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Considering medical assistance in dying for minors: the complexities of children’s voices
  1. Harprit Kaur Singh1,
  2. Mary Ellen Macdonald2,
  3. Franco A Carnevale3
  1. 1 Department of Philosophy, Biomedical Ethics Unit, McGill University, Montreal, Quebec, Canada
  2. 2 Faculty of Dentistry, McGill University, Montreal, Québec, Canada
  3. 3 Ingram School of Nursing, McGill University, Montreal, Québec, Canada
  1. Correspondence to Harprit Kaur Singh, Toronto, Canada; harprit.singh{at}mail.mcgill.ca

Abstract

Medical assistance in dying (MAID) legislation in Canada followed much deliberation after the Supreme Court of Canada’s ruling in Carter v. Canada. Included in this deliberation was the Special Joint Committee on Physician Assisted Dying’s recommendation to extend MAID legislation beyond the inclusion of adults to mature minors. Children's agency is a construct advanced within childhood studies literature which entails eliciting children’s voices in order to recognise children as active participants in constructing their own childhoods. Using this framework, we consider the possible extension of MAID legislation to most minors. We highlight important questions regarding how insights from children’s voices could be mobilised in the life or death context of MAID. We conclude that children’s voices have the potential to help determine their eligibility for MAID; however, incorporating children's voices in the context of MAID requires careful consideration due to the complexity of voice.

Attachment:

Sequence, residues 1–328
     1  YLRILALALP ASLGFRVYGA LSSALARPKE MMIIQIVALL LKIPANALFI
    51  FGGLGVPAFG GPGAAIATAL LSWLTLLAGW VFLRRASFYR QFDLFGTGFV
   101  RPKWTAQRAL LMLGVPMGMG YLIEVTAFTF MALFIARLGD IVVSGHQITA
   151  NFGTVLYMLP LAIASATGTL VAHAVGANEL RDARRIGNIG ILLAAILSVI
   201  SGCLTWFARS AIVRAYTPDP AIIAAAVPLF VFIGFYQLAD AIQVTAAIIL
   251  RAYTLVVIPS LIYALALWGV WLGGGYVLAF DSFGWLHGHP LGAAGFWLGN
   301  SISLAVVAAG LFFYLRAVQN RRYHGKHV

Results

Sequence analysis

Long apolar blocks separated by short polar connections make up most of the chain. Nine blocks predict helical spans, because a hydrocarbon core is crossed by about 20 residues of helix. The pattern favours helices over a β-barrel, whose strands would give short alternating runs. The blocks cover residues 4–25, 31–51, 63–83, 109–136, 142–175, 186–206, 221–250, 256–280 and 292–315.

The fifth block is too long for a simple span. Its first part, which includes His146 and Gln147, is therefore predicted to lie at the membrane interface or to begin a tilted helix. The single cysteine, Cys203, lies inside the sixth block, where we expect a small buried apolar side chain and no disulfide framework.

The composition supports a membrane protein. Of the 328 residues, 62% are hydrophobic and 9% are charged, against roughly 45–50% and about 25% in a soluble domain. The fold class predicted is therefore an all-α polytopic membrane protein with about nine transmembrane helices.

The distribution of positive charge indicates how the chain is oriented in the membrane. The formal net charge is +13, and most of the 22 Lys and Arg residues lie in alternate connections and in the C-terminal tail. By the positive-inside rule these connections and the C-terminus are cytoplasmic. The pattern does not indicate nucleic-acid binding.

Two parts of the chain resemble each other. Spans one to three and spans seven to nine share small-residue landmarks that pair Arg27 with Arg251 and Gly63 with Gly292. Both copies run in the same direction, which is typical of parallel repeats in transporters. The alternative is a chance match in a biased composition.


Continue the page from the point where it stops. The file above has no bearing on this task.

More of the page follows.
• children
  • death
  • euthanasia
  • law
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Footnotes

  • Contributors Conception and design of this work was done by HKS and MEM. Both MEM and FAC have revised this work critically for important intellectual content. HKS conducted the literature search, drafted this work and revised it based on feedback provided by co-authors and other acknowledged parties. HKS is the guarantor of this work. This manuscript has been read and approved by all authors.

  • Patient consent for publication Not required.

  • Provenance and peer review Not commissioned; externally peer reviewed.

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